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The slow train across the Peruvian Altiplano

The high-altitude, high-end train across the Peruvian Altiplano and its striking scenery is an experience not to be forgotten

By Pat Riddell
Published 18 Sept 2018, 19:00 BST, Updated 15 Jul 2021, 10:41 BST
The Belmond Andean Explorer.

The Belmond Andean Explorer.

Photograph by Richard James Taylor

The plateau's lunar landscape stretches for miles in all directions — just a whisper of a cloud and a snow-capped peak break the horizon. There are no signs of agriculture, no buildings, just dusty scrubland — a few telegraph poles and a solitary train track the only signs human beings have even set foot here.

The line we're travelling along — formerly known as the Ferrocarril del Sur ('Southern Railway') — dates back to the late 19th century and connects Cusco with the coastal city of Arequipa, via Puno. It's clear from the view out the window — 14,760ft above sea level in the Peruvian Altiplano — that this is no ordinary train journey. In fact, it's the fourth-highest rail route in the world. The air is gasp-inducingly thin; and its dryness is tangible in each breath I take. Luckily, staff are on hand to serve all manner of drinks — from a bottle of mineral water to a pisco sour.

The Belmond Andean Explorer launched in May 2017 amid much fanfare — adding to its existing Peru service, the Hiram Bingham train from Cusco to Machu Picchu — reflecting the group's trademark luxury and elegance, most famously embodied by the Venice-Simplon-Orient Express.

Passengers are offered the choice of a one- or two-night trip in either direction. The train's 16 carriages contain just 24 cabins and the maximum number of guests is 48 — yet there are 35 crew on board. It's evident we'll be getting the full A-list treatment.

At 11am, we'd left Cusco — perched a dizzying 11,150ft up in the Andes — sipping a welcome glass of Champagne in the piano bar as train manager Arnaldo introduces the crew and discusses our itinerary. So far, so VIP.

Within an hour we've cleared the sprawling outskirts of the city and are slowly climbing south east along the valley, following the Urubamba River.

Our first stop, 75 miles from Cusco, is the Inca archaeological site of Raqch'i. In the 15th century, this trading post was home to around 1,500 people. Today, it's overlooked by the remains of a temple (11 of its 22 volcanic-stone columns still stand). We don't linger long, but daily excursions like this help to give us a deeper understanding of the landscapes unfolding through the window as we trundle across Peru.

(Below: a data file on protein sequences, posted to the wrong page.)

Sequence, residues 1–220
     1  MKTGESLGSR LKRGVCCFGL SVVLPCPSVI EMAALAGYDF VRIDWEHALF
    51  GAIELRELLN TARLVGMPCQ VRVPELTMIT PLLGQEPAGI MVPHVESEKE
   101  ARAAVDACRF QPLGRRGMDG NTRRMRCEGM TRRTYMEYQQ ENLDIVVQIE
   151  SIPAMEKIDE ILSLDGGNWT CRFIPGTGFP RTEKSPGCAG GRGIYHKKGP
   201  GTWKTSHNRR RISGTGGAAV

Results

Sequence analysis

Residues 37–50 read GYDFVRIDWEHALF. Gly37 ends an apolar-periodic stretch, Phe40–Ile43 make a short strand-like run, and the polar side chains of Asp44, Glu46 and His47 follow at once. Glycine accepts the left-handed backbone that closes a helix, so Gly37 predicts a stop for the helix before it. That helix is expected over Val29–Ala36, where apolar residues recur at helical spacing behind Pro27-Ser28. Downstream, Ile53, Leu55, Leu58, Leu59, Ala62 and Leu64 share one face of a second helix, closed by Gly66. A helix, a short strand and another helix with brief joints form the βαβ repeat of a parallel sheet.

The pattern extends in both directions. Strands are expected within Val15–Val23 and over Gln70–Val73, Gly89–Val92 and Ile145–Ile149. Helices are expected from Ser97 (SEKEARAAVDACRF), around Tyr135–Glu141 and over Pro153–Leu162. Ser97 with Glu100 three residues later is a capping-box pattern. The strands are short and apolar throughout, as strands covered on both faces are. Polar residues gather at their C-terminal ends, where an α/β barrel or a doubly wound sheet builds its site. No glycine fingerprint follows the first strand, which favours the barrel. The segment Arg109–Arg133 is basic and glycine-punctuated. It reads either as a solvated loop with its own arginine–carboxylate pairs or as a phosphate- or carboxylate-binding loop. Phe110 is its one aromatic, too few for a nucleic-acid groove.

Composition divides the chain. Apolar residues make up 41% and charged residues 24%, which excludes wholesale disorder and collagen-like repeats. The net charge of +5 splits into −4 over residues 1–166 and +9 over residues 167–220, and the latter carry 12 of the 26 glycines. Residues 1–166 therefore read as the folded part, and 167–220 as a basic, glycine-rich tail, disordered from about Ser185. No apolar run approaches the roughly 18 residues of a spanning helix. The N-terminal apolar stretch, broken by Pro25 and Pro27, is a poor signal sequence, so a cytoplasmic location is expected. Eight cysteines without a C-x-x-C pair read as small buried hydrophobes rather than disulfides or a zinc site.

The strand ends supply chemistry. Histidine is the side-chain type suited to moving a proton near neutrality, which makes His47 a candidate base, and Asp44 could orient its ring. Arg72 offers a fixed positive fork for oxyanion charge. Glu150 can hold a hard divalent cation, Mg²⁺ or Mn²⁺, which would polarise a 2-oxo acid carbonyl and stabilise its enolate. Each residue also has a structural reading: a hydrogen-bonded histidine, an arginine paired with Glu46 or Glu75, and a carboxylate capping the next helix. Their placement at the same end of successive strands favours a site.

Onwards we travel, the Andes ever-present on either side of the train, yet the scenery bounded by the mountains changing subtly all the time — one minute dry scrubland; the next, tall, green grass; then a village and more farmland. Viewing all this from the observation car at the rear of the train is an absorbing, mesmerising experience. Watching the plateaus of the Andes sail past for several hours is phenomenally peaceful and serene.

Snaking higher and higher — rising beyond 13,000ft — the Urubamba, which we've followed from the beginning of our journey, reduces to a stream. Soon, we've headed over the mountain, beyond its source, on our way towards the Altiplano — an area where the Andes are at their widest.

We rise at 5am the next day, having arrived in Puno, on the shores of Lake Titicaca, and await the sunrise. Cloud means our photos aren't quite as postcard-perfect as we'd hoped, but the tranquillity and sudden change in landscape are exhilarating.

Titicaca's superlatives are well documented: South America's largest freshwater lake; the highest of the world's large lakes; one of fewer than 20 ancient lakes on Earth… Yet knowing all this simply can't prepare you for a body of water whose shores stretch all the way to the horizon.

A group of us cross the vast watery expanse to visit the floating villages of the Uros, the indigenous people who manage to maintain their traditional way of life on islands built from reeds. There are approximately 2,500 Uros on 87 islands and while the overall experience feels quite commercial it offers an insight into a unique way of life — plus tourist incursions like this help to support communities that might not survive.

Lunch is at a simple, local restaurant overlooking a beach on Taquile Island, around 28 miles east from the shores of Puno. The warm sun sparkles on the water — Bolivia vaguely visible on the horizon — and for a moment on this blissfully tranquil, remote island, I briefly forget where I am.

The next morning, those astonishing Altiplano landscapes kick in. It's not until midday when we finally drop below 13,000ft again. The dramatic scenery sees steep gorges, cliffs and ravines appear before us — the ground remains dry; the occasional patch of scrubland the only vegetation. And as we lunch, we continue to descend. Approaching Arequipa, trees and green fields finally emerge among the arid mountains at 10,000ft.

There's a warm welcome on arrival, and a return to urban life in a Baroque city built with white volcanic stone, but I can't help but crave those lunar landscapes on the Altiplano.


Journey Latin America offers a 10-day trip to Peru from £5,197 per person. The price includes first-class accommodation, two nights on the Belmond Andean Explorer, excursions, most meals and transfers. International flights not included.

Follow @patriddell

Published in the South America guide, distributed with the October issue of National Geographic Traveller (UK)

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